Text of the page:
Monday, November 18, 2013

A New Direction for Thomism

With respect to theology - "ressourcement" Thomism may be a necessary step, but what's next after that?

What if...
Aquinas had been fluent in Greek and had access to Aristotle and the Greek Fathers in Greek? How would his theological synthesis have turned
out differently? Would his hardened Greek critics be more receptive to his work? How would Aquinas have responded to Saint Maximos the Confessor or Gregory of Palamas?

A living Thomism engaged with both the Latin and Greek theological traditions.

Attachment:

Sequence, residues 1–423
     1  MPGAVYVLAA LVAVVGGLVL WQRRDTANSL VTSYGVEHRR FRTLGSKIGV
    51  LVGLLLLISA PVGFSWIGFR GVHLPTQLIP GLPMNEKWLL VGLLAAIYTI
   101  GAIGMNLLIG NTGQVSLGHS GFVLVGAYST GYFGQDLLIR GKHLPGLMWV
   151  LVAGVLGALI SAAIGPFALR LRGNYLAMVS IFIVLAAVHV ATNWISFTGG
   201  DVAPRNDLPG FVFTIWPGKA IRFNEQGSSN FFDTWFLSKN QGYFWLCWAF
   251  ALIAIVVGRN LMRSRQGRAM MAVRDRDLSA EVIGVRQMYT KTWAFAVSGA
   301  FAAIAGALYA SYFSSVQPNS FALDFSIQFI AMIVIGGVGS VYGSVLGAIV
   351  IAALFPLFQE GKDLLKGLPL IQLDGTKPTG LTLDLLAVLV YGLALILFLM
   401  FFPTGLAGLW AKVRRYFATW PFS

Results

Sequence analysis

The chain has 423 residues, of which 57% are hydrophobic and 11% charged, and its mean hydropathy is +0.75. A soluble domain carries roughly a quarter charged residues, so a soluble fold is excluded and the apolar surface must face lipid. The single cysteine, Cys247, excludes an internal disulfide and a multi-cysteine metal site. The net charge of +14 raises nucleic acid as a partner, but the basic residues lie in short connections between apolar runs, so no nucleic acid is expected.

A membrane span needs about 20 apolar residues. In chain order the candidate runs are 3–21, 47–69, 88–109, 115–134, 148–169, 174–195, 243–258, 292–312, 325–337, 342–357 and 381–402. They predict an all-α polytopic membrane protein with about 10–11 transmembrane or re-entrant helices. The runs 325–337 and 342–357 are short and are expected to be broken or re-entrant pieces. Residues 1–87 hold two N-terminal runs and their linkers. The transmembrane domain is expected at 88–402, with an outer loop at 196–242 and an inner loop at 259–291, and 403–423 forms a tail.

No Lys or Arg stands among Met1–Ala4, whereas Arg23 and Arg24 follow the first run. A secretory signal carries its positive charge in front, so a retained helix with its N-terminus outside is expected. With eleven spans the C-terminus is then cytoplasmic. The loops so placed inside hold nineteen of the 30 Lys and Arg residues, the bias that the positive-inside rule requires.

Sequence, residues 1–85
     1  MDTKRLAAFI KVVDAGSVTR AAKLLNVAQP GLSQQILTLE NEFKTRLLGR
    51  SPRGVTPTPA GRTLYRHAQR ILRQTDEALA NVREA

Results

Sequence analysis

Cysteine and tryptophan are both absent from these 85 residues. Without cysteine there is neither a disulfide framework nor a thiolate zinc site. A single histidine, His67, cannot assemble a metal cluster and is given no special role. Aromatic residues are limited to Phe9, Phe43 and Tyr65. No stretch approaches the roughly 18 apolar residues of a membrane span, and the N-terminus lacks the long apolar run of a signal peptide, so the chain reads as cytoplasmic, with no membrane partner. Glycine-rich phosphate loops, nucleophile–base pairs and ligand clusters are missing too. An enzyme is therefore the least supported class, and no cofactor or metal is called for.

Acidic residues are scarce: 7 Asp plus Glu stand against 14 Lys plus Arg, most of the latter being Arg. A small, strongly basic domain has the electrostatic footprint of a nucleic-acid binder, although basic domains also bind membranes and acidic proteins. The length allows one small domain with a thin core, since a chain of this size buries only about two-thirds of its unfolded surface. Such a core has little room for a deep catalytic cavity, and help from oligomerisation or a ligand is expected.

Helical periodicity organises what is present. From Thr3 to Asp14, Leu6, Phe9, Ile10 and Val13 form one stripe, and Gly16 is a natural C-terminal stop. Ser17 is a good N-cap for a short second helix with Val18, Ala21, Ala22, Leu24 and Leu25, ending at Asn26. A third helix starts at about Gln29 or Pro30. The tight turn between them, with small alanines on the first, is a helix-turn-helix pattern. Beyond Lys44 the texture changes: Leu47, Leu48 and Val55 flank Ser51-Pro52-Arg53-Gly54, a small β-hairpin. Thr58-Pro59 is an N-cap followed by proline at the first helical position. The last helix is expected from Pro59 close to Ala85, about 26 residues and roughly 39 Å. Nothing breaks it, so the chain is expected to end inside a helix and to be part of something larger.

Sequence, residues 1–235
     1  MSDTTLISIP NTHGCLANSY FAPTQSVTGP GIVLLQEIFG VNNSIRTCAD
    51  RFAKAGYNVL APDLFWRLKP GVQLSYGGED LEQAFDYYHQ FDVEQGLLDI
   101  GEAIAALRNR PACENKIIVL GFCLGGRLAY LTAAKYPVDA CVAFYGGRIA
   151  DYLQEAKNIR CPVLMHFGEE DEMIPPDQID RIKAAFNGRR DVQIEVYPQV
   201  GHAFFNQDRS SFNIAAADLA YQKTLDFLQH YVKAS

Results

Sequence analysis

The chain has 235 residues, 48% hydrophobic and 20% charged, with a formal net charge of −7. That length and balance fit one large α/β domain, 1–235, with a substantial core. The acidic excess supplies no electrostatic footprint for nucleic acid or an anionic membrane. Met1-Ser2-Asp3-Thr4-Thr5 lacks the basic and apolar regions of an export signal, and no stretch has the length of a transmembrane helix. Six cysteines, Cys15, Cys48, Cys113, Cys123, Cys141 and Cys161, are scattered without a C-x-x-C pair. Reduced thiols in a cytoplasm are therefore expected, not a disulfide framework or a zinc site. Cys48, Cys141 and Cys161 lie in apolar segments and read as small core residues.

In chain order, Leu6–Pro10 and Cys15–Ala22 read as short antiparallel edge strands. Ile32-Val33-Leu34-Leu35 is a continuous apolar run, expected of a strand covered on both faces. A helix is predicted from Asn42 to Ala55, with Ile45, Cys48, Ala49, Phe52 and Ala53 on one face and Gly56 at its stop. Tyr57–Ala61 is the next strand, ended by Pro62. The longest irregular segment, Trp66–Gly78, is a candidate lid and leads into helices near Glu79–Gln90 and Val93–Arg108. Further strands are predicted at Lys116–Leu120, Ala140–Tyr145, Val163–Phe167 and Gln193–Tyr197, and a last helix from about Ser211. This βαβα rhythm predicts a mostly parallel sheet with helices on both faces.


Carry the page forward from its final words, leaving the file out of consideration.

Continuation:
Are Western theological languages too tied to Latin? Could 'native' words be adapted to Greek nuances, or would we
have to use transliterated words for the vocabulary instead?

Do most of our lay academic theologians possess an adequate grasp of Greek and the Greek Fathers? Most are not even familiar with the Latin theological tradition, in Latin or in English. Theologians in religious orders may be more qualified to undertake this work, but even then, how many of them have a proper grasp of Latin and Greek? How much Greek do Dominicans study, for example?